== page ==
So why is there a plane in the middle of this forest? The answer is simple: it was flying over Thailand the moment this satellite image was taken.
We contacted Google's press team who sent us this article explaining why mysterious optical illusions sometimes show up in satellite images.
The article contains an interview with Matt Manolides, Google’s geo data strategist. It explains:
The way the images are collected can create optical illusions.
Because the satellite cameras take multiple pictures at the same time, but in different color spectrums, a fast-moving object, like a plane, can look strange, like several identical but differently colored planes flying over each other.
The "rainbow" halo visible around the plane is indeed typical of what satellite imagery specialists call a "ghost image". This phenomenon appears when several layers of satellite photos are superimposed on each other while a plane has been photographed in a given area. The phenomenon has already occurred in the past in Australia and Scotland, prompting many reactions from people who thought they had found an abandoned or even sinking aircraft.
How to be sure there's no plane there?
To be sure that the presence of the plane is only due to random satellite photos taken during its flight, we contacted Sérgio Volkmer from the satellite image company Soar. He explained:
The main way to verify is to compare images of that same location on different dates. Get the coordinates, then on Soar.Earth recent imagery, put the coordinates and search. Select "satellites": there are free and commercial. Alternate dates to see if it matches with events.
[There is] no sign of a crash in the forest in both cases on different dates. But the main reason [to doubt this image] is that debris [of MH370] were found on the coast of Africa.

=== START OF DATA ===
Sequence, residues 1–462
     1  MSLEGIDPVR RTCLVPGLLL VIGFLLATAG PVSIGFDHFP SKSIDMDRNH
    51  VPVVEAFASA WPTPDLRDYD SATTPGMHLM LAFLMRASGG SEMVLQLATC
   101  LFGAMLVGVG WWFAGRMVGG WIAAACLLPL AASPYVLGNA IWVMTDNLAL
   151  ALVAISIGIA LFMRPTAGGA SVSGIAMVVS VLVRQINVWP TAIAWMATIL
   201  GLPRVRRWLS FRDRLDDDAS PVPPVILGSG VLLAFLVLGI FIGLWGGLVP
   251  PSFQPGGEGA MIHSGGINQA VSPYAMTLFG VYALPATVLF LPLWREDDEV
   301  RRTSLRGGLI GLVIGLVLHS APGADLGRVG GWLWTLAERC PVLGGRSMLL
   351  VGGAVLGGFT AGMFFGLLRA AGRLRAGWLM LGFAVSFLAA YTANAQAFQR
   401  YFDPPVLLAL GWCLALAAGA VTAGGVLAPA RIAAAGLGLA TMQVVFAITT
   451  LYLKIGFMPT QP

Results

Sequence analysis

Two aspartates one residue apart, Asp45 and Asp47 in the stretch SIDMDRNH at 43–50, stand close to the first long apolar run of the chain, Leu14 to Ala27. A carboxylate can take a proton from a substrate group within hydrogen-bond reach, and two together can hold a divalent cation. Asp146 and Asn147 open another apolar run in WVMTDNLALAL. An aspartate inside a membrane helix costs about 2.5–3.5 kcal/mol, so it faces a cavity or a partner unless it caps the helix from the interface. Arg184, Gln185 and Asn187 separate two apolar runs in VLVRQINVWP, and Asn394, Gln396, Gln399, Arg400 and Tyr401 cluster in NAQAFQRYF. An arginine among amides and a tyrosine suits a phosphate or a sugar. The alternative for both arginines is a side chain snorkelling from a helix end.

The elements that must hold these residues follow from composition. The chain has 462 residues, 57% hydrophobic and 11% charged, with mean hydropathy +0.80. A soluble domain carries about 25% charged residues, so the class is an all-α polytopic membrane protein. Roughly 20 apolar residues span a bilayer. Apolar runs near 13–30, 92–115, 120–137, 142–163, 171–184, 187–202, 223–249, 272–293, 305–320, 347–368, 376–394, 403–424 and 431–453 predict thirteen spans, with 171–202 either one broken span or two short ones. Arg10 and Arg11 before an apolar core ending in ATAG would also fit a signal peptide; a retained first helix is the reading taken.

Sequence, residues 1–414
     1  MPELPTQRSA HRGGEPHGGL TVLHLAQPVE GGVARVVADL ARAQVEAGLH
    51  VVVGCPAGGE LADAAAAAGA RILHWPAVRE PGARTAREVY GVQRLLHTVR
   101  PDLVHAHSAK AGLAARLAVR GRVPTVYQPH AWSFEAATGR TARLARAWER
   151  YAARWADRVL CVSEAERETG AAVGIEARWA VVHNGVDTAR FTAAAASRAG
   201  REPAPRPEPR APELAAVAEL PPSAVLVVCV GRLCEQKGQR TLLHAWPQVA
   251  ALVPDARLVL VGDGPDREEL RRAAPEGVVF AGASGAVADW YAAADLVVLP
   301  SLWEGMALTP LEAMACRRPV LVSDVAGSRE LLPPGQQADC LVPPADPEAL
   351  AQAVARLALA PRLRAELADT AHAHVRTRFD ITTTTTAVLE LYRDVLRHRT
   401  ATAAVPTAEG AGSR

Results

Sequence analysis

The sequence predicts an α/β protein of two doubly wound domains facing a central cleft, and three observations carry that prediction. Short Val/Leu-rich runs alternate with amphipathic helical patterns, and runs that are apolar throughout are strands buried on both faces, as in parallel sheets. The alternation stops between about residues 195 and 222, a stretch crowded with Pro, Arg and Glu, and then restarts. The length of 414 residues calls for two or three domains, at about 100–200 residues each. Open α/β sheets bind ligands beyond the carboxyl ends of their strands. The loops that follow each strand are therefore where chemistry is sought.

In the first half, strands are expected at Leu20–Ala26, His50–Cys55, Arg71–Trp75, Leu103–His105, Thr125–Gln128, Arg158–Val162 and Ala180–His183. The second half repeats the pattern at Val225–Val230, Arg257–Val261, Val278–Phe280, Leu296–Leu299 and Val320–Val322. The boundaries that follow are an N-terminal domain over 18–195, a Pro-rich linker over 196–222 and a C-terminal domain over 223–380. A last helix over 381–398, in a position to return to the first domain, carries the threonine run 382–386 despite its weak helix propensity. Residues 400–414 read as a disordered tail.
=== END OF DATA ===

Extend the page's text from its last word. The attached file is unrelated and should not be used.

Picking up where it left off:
The disappearance of MH370 caused by three mysterious orbs?
A video posted on TikTok with 1.5 million views as of March 23 claims to show exclusive footage documenting the disappearance of Flight MH370.
It shows thermal camera footage of a plane surrounded by three spherical shapes flying around it. After a few seconds, the three spheres collide with the aircraft, which instantly disappears.
A text read by an automated voice comments on the video in French: "Netflix releasing a documentary on flight MH370, but not even showing this video declassified by the FBI." Other TikTok accounts posted another video showing the same scene, but filmed without a thermal camera effect here.
This video was archived here by the FRANCE 24 Observers.
A video on the Internet since 2014 without any mention of flight MH370
These videos are far from recent. They were published on YouTube in May and June 2014 by the account "RegicideAnon", which has since been deleted. An archive of the first video can be seen here and the other is available here.
In the initial posts, the titles of both videos refer to "Airliner and UFOs". No mention of flight MH370 is made in the captions of either video.
The FRANCE 24 Observers team showed the video to several specialists in UFO videos and online hoaxes. All three were familiar with this video and explain some indications that suggest it is fake.